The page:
A lively discussion at last month’s staff meeting centered on the topic of the term “Midwestern friendliness.” And, what does it really mean? Executive Arrangements has Project Managers and Northeast Ohio Regional Guides who are native to Cleveland and Akron plus staffers who have relocated from various cities around the country and globe. We discussed a lot of questions regarding the Midwest’s personality perception.
Do Clevelanders/Akronites really embrace newcomers relocating to our region? Is it easy to break into small social circles in Northeast Ohio and begin making connections? We know that “it’s been ‘proven’ that Midwesterners are super friendly.” But, we know that some newcomers need help feeling like they are part of the community. We put some thought into the topic and did a little research. And, here is what we believe…
It’s all relative.
How friendly you think Clevelanders/Akronites are depends on where you have previously lived and where you settled in Northeast Ohio. Every suburb or neighborhood has a unique vibe.
People relocating from the South might at first find the Midwestern version of friendliness quite different than what they are use to. A Midwestern neighbor will always greet you with a warm wave or hello but might not invite you over for dinner right away.
Those coming from the East Coast might think Clevelanders are a bit too friendly. They are used to people rushing by on busy urban sidewalks without ever meeting each other’s eyes. An Akron transplant of ours said they found it amusing that everyone they passed on their daily walks in the nearby parks would smile, say hello, and comment on their dog or the weather. “That would never happen in Philadelphia!” In the busy Northeastern Corridor, many people are so surrounded by noise and humans all day long that they cherish their privacy and quiet time. Thus, they focus inward while out and about.
We are happy that you are here!
Most people in our region are genuinely happy that new people are moving to Cleveland or Akron. We are not overpopulated, overrun by traffic congestion, and waiting in giant lines to buy tickets. It’s a fairly easy, low-hassle life here. We don’t look at an influx of newcomers and think, “Oh rats, it’s already too crowded and expensive here. This will only make it worse.” We are thrilled that we will have someone new with whom to share the love that we have for our town. But in order to get on our social calendar, you have to make a bit of an effort yourself.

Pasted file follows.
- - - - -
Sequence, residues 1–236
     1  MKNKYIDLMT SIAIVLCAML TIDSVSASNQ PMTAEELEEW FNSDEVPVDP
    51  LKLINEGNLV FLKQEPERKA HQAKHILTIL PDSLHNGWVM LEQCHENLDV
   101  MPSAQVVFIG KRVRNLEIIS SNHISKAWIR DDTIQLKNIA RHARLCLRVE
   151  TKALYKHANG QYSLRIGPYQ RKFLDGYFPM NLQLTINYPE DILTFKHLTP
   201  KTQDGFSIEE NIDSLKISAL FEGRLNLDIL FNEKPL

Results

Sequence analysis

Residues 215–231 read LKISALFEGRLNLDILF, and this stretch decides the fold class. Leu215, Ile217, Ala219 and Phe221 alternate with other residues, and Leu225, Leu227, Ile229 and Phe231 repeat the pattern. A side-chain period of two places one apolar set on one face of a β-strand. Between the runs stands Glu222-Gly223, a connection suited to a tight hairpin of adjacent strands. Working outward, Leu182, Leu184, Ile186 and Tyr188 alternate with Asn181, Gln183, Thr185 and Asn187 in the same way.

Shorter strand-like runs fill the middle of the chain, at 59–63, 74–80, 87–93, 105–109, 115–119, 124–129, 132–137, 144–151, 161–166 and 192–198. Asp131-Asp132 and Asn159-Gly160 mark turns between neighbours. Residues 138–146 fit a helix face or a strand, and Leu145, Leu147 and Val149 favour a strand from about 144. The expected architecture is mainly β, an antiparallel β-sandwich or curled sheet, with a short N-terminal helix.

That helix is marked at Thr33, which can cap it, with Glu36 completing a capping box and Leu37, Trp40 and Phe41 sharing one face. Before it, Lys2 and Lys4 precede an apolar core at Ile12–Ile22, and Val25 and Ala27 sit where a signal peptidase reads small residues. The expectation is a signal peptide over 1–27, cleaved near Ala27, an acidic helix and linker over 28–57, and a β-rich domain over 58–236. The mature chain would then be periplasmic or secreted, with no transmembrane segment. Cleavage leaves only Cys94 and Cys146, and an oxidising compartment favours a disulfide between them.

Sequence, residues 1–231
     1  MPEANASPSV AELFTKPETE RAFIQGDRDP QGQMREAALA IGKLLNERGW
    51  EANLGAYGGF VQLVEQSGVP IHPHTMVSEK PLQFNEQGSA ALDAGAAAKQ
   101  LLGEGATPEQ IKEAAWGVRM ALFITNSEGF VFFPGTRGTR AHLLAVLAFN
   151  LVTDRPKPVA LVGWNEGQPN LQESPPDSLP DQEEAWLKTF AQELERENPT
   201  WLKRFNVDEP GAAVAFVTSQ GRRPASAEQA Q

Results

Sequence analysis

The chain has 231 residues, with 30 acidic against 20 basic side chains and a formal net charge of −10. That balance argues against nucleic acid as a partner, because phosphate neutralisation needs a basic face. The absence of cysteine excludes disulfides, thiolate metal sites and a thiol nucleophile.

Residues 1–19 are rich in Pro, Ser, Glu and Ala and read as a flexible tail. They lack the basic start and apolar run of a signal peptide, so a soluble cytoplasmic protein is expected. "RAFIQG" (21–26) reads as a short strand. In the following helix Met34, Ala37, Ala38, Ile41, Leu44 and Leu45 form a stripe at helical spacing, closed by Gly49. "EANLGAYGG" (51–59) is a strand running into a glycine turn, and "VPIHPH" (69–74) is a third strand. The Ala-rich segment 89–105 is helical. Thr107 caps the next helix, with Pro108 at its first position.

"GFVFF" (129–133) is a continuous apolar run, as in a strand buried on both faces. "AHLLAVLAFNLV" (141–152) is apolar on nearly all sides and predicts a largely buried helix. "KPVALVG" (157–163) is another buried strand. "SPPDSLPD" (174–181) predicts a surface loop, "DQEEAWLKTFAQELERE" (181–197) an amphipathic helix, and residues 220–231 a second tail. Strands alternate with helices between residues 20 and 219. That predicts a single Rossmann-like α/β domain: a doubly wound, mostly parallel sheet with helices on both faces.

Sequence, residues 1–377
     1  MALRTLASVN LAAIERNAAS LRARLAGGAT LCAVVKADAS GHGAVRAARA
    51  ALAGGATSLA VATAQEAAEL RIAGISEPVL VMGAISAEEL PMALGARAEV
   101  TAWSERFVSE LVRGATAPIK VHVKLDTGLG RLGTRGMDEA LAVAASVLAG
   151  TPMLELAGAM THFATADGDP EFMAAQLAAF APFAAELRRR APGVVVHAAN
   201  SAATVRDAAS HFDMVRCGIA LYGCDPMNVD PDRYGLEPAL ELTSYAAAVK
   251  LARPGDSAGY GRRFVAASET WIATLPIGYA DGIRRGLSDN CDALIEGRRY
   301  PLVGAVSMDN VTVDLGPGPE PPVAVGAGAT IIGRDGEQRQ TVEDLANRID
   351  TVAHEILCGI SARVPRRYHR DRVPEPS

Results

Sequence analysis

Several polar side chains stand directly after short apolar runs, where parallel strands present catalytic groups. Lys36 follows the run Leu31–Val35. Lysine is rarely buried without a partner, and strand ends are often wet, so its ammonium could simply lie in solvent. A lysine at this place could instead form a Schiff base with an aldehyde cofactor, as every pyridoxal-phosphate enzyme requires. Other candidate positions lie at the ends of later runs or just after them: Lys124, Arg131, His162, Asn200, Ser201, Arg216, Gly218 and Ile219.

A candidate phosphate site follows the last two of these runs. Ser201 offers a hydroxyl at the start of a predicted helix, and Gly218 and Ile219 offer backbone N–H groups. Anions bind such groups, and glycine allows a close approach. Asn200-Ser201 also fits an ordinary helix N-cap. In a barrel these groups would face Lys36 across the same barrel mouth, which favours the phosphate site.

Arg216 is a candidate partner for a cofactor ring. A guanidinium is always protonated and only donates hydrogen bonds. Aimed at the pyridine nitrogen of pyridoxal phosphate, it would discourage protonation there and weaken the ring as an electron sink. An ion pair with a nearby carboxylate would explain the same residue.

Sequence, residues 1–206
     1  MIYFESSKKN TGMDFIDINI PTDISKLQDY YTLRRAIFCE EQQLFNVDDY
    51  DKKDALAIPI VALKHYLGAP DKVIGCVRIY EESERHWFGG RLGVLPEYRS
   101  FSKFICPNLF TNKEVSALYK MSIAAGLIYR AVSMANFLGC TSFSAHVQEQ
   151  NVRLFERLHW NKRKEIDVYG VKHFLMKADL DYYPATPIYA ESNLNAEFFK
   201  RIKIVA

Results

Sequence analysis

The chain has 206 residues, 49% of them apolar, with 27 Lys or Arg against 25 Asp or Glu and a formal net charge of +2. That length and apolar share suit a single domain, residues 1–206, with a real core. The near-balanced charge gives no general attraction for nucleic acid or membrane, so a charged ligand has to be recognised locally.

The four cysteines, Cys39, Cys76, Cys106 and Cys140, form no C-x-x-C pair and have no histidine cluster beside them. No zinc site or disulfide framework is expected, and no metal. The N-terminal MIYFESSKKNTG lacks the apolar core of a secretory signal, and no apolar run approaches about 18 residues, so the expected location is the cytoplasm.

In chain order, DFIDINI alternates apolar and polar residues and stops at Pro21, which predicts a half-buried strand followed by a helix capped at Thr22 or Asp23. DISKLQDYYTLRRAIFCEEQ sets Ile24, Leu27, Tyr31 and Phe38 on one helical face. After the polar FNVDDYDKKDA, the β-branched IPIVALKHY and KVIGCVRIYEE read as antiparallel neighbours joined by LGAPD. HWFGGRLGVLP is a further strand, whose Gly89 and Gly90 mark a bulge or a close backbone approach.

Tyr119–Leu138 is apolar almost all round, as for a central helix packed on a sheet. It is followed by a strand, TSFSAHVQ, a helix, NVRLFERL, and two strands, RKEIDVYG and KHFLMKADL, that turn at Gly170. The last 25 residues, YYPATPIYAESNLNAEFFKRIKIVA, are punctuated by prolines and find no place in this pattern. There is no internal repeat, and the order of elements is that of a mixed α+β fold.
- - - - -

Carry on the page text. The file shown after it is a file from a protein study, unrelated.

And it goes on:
According to one article, Midwesterners are kind and genuine “But unlike with Midwesterners’ counterparts in the South or their neighbors to the north in Canada, you have to put a little work in to experience genuine Midwestern friendliness. Once you do, though, a Midwesterner will be the first to get you anything you need, bring you a pasta bake during a time of need, or apologize when they’re in the wrong.”
We know that putting yourself out there repeatedly can be awkward for newcomers, but the reward is worth the effort. Invite us to lunch or ask if we can walk our kids to the bus stop together. Just persist! We will begin to get to know you and include you in things. It might not happen immediately, but the friendships you will make here will be a mile deep. A Burbank, CA transferee just said this morning, “We didn’t wait for neighbors to come knocking on our door, we threw a party and invited everyone on our block to our house to meet them.” Now that is bold thinking!
Put your eggs in more than one basket.
While inviting the neighbors over so you know who lives nearby is a fun idea, chances are your new best friends in Cleveland won’t live next door. Get involved in something, anything you are passionate about. Volunteer at your kid’s school, offer to usher at the local theater or church, take classes or attend a lecture/happy hour at a nearby museum, join a committee at the golf or swim club…anything to consistently get you in front of other people who like what you like. As soon as you volunteer to raise money, organize an event, or help with marketing for a school play, everyone will notice and the social invitations will begin to flow.
Anthony Bartlett, owner of EA’s affiliate firm in Missouri, St. Louis Transplants, believes his Midwestern city has a lot in common with Cleveland along these lines. He sums up the challenge of making new friends in our region of the US like this: “The Midwest is the friendliest place in America where no one wants to be your friend.” And by that he just means, we are super friendly and happy you are here, but it just takes a bit of effort on the newcomer’s part to make it known you are eager to join our social circles and make friends. Like people from all over the world, we are so used to our go-to friends that we are sometimes neglectful of the new guy!
This article sums up his feelings on how it’s the responsibility of locals to make newcomers feel welcome, not the other way around, and we could not agree more.
Some newcomers are ready to hit the road running when it comes to making friends in their new community. Others prefer to settle in a community with a demonstrated history of welcoming new people. We’ve noticed that several of the new hires, job candidates, and families that we help are able to find their home in communities like Chagrin Falls, Cleveland, Hudson, Rocky River, Shaker Heights, Solon, and Twinsburg. That is just to name a few. We know that there are numerous neighborhoods filled with both native and adopted Midwesterners ready to welcome you to your new home!